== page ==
Impacts of the invasive shot hole borer (Euwallacea kuroshio) are linked to sewage pollution in southern California: the Enriched Tree Hypothesis
By: John M. Bolandand Deborah L. Woodward
The Kuroshio Shot Hole Borer (KSHB, Euwallacea kuroshio) and the Polyphagous Shot Hole Borer (E. whitfordiodendrus; Coleoptera: Curculionidae: Scolytinae) have recently invaded southern California and are attacking live trees in commercial agriculture groves, urban parks and native riparian forests. Among native forests the worst impacts observed to date have been in the Tijuana River Valley in south San Diego County, where approximately 30% of the native willows (Salix spp.), or120,000 trees, have died as a result of a KSHB infestation. This paper examines wood densities, wood moisture contents, KSHB infestation rates, and KSHB-induced mortality rates in two willow species (Salix lasiolepis and S. gooddingii) at sites near and far from sewage input. Comparisons were made on two spatial scales: broadly among sites within San Diego County; and locally among sites within the Tijuana River Valley. The results showed that, on average, willow trees growing closest to sewage pollution had significantly lower wood density, higher wood moisture content, higher KSHB infestation rates, and higher KSHB-induced willow mortality rates than those growing farther away. We present the Enriched Tree Hypothesis to explain the link between sewage pollution and KSHB impacts; it is as follows: (A) Riparian trees subject to nutrient enrichment from frequent sewage pollution grow quickly, and their fast growth results in wood of low density and high moisture content. If attacked by the KSHB, the trunks and branches of these nutrient-enriched trees provide an environment conducive to the fast growth of the symbiotic fungi upon which the KSHB feeds. With an abundant food supply, the KSHB population increases rapidly and the trees are heavily damaged by thousands of KSHB galleries in their trunks and branches. (B) Riparian trees not subject to frequent sewage pollution grow more slowly and have denser, drier wood. Conditions in their trunks and branches are not conducive to the fast growth of the KSHB's symbiotic fungi. The KSHB generally ignores, or has low abundances in, these slow-growing trees. This new hypothesis explains current patterns of KSHB impact in San Diego County and focuses attention on the important roles of the environment and preexisting conditions of trees in determining the extent of KSHB impact .It highlights the Tijuana River Valley as an unusual site due to high sewage inputs and predicts that the high KSHB-induced willow mortality seen there should not occur in other natural riparian habitats in southern California. Most importantly, by identifying sewage pollution (or nutrient enrichment) as a major risk factor for KSHB impacts, the hypothesis ratchets down the KSHB-threat level for most riparian sites in southern California and directs attention to other nutrient-enriched sites as those most at risk.
The complete article can be found at:
Two newly published scientific journal articles that address SHB species delineation are:
- Gomez et al. Species Delineation Within the Euwallacea fornicatus. in Insect Systematics and Diversity, (2018) 2(6): 2; 1–11. (Attached) Richard Stouthamer and Paul Rugman-Jones, both with UC Riverside, are two of the co-authors
- Hulcr, J & Landers, J. January 7, 2019. So Many Shot Hole Borers: New research charts four nearly identical species. in Entomology Today. https://entomologytoday.org/2019/01/07/so-many-shot-hole-borers-new-research-charts-four-nearly-identical-species/
Examples of ambrosia beetle impact on willows. (A top) KSHB excavate galleries within a trunk and push the sawdust tailings out of their entrance holes. (B lower) Trees can be undermined by many galleries and snap in high winds. [These pictures show the extremes – infested trunks do not always look like A, and infested trunks do not always break, like B. Images: John Boland]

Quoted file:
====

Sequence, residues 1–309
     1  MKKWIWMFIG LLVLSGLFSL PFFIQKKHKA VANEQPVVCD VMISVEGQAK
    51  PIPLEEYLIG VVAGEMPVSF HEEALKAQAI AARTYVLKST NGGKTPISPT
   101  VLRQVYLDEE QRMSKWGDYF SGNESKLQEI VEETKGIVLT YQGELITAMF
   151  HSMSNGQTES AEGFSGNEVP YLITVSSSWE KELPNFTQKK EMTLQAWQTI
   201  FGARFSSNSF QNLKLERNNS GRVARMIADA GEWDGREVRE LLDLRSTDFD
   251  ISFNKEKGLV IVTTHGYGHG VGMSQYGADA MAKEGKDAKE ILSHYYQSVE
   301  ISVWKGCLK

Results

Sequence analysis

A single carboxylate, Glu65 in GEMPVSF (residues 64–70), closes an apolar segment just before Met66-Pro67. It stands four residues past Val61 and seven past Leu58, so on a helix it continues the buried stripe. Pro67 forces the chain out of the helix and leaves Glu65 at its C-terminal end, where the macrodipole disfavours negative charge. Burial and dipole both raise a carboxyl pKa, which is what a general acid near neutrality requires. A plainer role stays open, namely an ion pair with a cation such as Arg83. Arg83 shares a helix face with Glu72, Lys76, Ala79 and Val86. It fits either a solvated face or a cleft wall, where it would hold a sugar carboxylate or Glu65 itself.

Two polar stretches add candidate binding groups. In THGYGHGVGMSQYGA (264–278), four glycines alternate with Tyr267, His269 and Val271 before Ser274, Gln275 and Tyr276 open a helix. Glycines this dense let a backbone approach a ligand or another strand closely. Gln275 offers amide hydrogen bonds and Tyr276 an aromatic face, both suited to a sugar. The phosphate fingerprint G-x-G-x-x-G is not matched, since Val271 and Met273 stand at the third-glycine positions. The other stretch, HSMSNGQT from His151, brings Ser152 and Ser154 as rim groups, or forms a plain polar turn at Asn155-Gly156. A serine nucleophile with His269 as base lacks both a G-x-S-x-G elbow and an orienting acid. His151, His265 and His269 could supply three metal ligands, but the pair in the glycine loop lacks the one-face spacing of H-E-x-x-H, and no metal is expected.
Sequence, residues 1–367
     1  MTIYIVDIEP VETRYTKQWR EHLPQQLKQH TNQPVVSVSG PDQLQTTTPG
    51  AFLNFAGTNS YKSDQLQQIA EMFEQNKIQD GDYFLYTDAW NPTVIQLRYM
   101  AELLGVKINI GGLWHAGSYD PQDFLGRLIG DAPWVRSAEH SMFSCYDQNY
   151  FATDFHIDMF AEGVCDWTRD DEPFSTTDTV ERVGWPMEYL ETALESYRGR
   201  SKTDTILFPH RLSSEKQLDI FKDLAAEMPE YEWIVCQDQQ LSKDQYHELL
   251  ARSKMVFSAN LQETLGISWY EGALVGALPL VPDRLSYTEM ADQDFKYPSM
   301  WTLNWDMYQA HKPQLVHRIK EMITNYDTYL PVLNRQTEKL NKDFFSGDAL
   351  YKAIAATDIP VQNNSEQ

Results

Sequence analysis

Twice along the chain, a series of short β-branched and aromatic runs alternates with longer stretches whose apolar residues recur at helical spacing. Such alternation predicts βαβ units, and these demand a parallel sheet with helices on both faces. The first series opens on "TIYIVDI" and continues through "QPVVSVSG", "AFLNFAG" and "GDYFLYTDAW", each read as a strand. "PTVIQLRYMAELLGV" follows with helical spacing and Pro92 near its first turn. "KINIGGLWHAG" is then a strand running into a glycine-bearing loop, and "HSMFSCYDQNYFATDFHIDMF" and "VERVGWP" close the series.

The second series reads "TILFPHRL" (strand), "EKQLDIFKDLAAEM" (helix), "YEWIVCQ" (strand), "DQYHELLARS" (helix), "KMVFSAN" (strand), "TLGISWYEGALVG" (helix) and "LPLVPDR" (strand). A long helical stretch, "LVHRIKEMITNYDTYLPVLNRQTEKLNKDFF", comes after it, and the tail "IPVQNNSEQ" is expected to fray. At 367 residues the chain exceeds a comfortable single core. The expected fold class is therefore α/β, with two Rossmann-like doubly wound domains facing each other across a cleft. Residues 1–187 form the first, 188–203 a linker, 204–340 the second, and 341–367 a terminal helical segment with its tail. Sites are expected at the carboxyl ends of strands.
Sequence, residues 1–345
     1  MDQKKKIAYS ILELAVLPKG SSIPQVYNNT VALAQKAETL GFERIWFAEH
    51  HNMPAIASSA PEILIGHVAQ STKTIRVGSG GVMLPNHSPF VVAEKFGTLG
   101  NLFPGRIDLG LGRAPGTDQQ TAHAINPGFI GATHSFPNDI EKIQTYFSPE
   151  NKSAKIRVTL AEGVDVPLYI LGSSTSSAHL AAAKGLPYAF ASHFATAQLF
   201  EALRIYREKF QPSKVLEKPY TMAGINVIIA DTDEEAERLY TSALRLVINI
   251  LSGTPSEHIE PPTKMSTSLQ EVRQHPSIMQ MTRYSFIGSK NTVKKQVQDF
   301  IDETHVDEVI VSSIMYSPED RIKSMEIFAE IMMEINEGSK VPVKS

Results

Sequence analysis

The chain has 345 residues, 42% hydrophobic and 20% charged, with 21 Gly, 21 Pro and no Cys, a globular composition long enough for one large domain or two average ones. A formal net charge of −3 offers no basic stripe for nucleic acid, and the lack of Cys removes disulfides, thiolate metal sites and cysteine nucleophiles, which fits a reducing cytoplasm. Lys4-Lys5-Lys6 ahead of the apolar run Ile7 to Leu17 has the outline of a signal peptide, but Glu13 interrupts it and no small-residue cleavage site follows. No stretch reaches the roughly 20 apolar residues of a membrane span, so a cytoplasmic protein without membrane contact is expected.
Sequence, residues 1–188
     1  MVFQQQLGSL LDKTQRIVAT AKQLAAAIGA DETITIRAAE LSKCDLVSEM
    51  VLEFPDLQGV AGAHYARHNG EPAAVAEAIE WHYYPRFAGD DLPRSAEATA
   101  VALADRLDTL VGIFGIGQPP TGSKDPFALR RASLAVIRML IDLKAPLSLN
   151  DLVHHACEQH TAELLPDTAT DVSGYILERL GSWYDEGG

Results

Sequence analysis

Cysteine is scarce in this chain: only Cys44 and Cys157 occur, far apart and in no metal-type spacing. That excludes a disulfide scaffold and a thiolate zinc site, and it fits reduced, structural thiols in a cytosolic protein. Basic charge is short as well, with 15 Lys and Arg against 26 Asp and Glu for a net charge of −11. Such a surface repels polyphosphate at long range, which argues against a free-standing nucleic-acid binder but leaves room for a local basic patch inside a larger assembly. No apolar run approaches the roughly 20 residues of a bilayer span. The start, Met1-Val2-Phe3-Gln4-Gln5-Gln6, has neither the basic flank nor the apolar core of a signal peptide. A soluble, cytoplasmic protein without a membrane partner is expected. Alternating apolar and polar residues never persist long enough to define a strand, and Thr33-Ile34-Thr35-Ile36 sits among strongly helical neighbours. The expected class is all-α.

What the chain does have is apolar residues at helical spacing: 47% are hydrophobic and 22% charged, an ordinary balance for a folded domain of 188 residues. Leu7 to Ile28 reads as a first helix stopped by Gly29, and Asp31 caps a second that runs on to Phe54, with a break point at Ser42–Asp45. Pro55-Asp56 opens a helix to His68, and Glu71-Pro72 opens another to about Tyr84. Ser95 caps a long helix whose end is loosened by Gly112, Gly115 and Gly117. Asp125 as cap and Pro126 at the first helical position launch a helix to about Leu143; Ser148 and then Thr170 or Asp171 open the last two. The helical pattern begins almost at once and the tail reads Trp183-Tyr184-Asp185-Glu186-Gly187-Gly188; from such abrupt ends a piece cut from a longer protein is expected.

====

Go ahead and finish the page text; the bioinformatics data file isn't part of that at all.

A recent study by Joey Mayorquin and team shows a promising chemical response in sycamore trees infected with Fusarium Dieback. This holds hope for the pest/disease complex in avocado, as well.
Chemical Management of Invasive Shot Hole Borer and Fusarium Dieback in California Sycamore (Platanus racemosa) in Southern California
Fusarium dieback (FD) is a new vascular disease of hardwood trees caused by Fusariumspp. and other associated fungal species which are vectored by two recently introduced and highly invasive species of ambrosia beetle (Euwallacea spp. nr. fornicatus). One of these ambrosia beetles is known as the polyphagous shot hole borer (PSHB) and the other as the Kuroshio shot hole borer (KSHB). Together with the fungi that they vector, this pest–disease complex is known as the shot hole borer–Fusarium dieback (SHB-FD) complex. Mitigation of this pest–disease complex currently relies on tree removal; however, this practice is expensive and impractical given the wide host range and rapid advancement of the beetles throughout hardwoods in southern California. This study reports on the assessment of various pesticides for use in the management of SHB-FD. In vitro screening of 13 fungicides revealed that pyraclostrobin, trifloxystrobin, and azoxystrobin generally have lower effective concentration that reduces 50% of mycelial growth (EC50) values across all fungal symbionts of PSHB and KSHB; metconazole was found to have lower EC50 values for Fusarium spp. and Paracremonium pembeum. Triadimefon and fluxapyroxad were not capable of inhibiting any fungal symbiont at the concentrations tested. A 1-year field study showed that two insecticides, emamectin benzoate alone and in combination with propiconazole, and bifenthrin, could significantly reduce SHB attacks. Two injected fungicides (tebuconazole and a combination of carbendazim and debacarb) and one spray fungicide (metconazole) could also significantly reduce SHB attacks. Bioassays designed to assess fungicide retention 1 year postapplication revealed that six of the seven fungicides exhibited some level of inhibition in vitro and all thiabendazole-treated trees sampled exhibiting inhibition. This study has identified several pesticides which can be implemented as part of an integrated pest management strategy to reduce SHB infestation in low to moderately infested landscape California sycamore trees and potentially other landscape trees currently affected by SHB-FD.
- Author: Tunyalee Martin
UC ANR Integrated Pest Management Program
A sugar volcano is one symptom that shows your avocado tree might be infected with Fusarium dieback, a fungi spread by a beetle called the shothole borer. But what you might see if your tree is being attacked by shothole borer, varies among the different kinds of tree hosts. The symptoms—staining, sugary exudate, gumming and beetle frass—are often noticed before the tiny beetles (1.5–2.5 mm) are found.